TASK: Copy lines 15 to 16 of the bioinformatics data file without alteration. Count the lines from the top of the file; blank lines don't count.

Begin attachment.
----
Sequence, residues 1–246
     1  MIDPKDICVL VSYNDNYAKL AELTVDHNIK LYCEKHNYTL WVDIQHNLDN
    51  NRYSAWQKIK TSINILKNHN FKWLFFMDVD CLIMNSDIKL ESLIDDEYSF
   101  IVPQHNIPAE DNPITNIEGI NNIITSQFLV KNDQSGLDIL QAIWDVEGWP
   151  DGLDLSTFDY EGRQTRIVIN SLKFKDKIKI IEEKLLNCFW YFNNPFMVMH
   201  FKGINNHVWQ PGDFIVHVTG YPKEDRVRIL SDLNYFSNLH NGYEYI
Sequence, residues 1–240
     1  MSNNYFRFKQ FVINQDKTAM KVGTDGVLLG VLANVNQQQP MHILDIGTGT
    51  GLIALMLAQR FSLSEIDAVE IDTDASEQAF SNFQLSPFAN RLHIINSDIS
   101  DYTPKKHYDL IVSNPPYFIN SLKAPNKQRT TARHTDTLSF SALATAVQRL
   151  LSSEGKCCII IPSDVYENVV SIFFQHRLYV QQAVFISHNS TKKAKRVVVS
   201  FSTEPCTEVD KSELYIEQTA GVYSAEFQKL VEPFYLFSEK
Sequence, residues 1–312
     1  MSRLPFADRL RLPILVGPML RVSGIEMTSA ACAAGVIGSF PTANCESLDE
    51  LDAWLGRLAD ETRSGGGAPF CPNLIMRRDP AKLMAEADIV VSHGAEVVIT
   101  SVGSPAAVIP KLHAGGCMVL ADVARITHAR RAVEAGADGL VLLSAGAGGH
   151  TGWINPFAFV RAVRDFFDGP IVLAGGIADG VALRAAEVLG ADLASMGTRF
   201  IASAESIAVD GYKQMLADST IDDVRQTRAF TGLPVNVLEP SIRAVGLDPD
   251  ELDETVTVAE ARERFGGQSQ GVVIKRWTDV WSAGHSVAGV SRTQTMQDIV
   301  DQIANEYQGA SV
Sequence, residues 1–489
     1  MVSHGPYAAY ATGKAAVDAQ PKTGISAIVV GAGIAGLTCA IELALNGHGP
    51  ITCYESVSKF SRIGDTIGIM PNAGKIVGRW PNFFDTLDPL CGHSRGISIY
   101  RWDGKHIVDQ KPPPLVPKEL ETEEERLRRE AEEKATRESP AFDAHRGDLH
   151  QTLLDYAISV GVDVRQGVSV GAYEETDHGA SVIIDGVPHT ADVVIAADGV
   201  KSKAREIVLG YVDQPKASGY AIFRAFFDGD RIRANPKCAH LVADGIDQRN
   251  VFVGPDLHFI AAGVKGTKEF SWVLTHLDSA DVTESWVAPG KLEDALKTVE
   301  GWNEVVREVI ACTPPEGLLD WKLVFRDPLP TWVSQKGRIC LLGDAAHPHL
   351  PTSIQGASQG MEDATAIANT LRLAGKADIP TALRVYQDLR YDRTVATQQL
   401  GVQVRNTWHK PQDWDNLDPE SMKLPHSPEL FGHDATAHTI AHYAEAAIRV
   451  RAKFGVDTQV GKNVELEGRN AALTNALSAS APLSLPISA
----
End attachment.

    51  LDAWLGRLAD ETRSGGGAPF CPNLIMRRDP AKLMAEADIV VSHGAEVVIT
   101  SVGSPAAVIP KLHAGGCMVL ADVARITHAR RAVEAGADGL VLLSAGAGGH